From volume density to surface density

Let us say we have a volume $$V$$ having a volumetric mass(charge) density $$\rho(x,y,z)$$.

Suppose we have a smooth surface $$S$$ within the volume with a surface mass(charge) density $$\sigma(x,y,z)$$, if possible, how can one obtain $$\sigma (x,y,z)$$ from $$\rho (x,y,z)$$?

If it is an integral, it must be of the form: $$\sigma = \int \rho dx$$

where $$x$$ is some spatial coordinate. But a simple example made me doubt of the veracity of the expression above: Consider a solid sphere with mass $$M$$ and radius $$R$$, supposing that the formula above is correct and using the spherical symmetry of the problem, the surface density for a surface sphere within the solid sphere will be:

$$\sigma =\int \rho dr$$ since $$\rho$$ is constant, we can extract it from the integral:$$\sigma =\rho\int dr$$

Also, since we are considering a spherical sheet, the limits for $$r$$ are $$r_{0}-\delta r$$ and $$r_{0} +\delta r$$, where $$r_{0}$$ is the radius of our sphere, thus:

$$\sigma(r_{0})= \rho \int_{r_{0}-\delta r}^{r_{0}+\delta r} dr=\rho \times 2\delta r$$

taking the limit $$\delta r \rightarrow 0$$ we finally get:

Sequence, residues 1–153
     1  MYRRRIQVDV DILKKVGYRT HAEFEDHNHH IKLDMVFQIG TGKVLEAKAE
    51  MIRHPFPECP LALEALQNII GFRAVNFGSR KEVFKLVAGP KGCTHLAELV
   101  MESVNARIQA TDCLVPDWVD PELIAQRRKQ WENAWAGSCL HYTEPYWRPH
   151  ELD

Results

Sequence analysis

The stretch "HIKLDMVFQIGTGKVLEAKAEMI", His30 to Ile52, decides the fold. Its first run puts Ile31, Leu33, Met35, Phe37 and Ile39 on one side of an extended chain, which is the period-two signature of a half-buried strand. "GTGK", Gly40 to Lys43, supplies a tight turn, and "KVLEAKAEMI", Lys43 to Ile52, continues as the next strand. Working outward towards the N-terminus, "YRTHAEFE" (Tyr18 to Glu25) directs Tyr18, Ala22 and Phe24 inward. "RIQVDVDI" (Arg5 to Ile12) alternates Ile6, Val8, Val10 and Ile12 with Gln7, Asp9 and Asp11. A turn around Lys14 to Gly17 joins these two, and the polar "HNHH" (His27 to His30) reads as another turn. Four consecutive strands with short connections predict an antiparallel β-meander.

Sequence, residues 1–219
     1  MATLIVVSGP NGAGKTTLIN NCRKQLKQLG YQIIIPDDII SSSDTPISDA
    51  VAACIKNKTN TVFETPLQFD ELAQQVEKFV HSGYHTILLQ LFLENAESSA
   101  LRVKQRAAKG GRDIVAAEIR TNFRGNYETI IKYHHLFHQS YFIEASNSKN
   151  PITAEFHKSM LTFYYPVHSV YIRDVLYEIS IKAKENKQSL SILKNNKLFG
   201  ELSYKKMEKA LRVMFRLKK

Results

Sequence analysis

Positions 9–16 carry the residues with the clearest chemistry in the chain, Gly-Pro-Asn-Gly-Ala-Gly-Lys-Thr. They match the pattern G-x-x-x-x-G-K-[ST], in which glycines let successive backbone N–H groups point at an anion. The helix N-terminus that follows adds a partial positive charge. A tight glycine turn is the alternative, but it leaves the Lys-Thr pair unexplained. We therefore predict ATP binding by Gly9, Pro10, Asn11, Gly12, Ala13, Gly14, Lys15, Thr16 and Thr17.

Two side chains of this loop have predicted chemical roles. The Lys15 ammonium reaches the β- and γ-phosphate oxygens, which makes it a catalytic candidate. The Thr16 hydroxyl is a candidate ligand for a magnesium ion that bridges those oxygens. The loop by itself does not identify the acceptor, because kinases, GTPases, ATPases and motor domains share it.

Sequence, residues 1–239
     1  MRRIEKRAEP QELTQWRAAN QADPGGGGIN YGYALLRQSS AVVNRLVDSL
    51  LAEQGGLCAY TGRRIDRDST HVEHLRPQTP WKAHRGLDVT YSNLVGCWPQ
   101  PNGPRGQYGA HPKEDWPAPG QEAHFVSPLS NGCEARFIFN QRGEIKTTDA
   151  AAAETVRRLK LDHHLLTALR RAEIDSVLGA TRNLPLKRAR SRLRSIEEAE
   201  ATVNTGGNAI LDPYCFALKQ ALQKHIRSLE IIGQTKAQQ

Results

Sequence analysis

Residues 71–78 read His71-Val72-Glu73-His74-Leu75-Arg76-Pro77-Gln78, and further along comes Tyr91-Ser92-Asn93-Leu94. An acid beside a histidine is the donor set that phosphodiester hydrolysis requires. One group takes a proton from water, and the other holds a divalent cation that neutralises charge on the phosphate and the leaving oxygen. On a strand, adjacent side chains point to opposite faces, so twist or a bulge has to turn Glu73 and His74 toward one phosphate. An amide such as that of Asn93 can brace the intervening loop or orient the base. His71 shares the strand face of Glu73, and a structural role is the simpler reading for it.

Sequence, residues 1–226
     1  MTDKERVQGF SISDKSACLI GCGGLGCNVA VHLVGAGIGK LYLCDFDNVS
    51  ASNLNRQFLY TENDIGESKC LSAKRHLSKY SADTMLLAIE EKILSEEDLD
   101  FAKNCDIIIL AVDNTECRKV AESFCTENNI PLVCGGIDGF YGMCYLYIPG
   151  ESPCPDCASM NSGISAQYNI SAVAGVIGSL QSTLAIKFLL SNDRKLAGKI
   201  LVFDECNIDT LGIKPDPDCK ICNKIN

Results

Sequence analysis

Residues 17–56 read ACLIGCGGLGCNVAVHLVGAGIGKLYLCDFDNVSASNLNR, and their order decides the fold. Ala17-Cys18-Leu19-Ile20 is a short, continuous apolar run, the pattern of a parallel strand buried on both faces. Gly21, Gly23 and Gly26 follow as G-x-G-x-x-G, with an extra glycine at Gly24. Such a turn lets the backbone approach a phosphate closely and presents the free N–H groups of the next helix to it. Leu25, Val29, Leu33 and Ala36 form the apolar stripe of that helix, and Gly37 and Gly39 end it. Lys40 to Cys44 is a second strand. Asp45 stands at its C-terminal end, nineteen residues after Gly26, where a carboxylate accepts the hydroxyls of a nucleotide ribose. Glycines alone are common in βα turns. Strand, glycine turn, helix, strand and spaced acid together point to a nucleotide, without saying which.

$$\sigma(r_{0}) =0 ~C/m^2$$

this last equality must certainly be incorrect, for it states that there are no charges on $$S$$, which is not true.

• $$\int_{r_{0}-\delta r}^{r_{0}+\delta r} dr=(r_{0}^2-\delta r^2)$$... Are you sure of this? – acarturk Sep 1 '19 at 18:55
• @acarturk Thank you, I'll correct it. There's still a problem with $\sigma (r_{0})$ though. – Hilbert Sep 1 '19 at 19:29
• Look up Dirac delta function. – Razor Sep 1 '19 at 19:38
• I' m aware that delta functions can be used to express volume densities in terms of surface or linear ones, here I am looking for the other way around, from volume densities to surface densities. The question above is different from this one. – Hilbert Sep 1 '19 at 19:44

Modelling a true volumetric distribution of charge by a surfacic distribution usually only makes sense if one of the dimensions of the distribution is small (yet finite) compared to the others. It would be the case for a shell with a small thickness (difference between outer and inner radii) compared to the surface of the shell. In this case, you could integrate your distribution along the thickness, as you do, but without letting your thickness tend to zero. The implicit assumption while performing this is that you are able to compute the total charge as $$Q= \int \rho(r) S(r)dr \approx S \int \rho(r) dr$$, that is $$S$$ remains approximately constant constant and $$\int \rho(r) dr$$ becomes your surfacic charge. For a sphere, the only thing that could make sense is to compute the total charge $$Q$$ and divide it by the surface of the sphere to obtain the surfacic charge $$\sigma = Q/ S$$.
• "compute the total charge Q and divide it by the surface of the sphere to obtain the surfacic charge σ=Q/S." Actually, the $\sigma$ obtained would be meaningless and certainly not the surface charge present on the the outermost surface said sphere. – Hilbert Sep 2 '19 at 17:39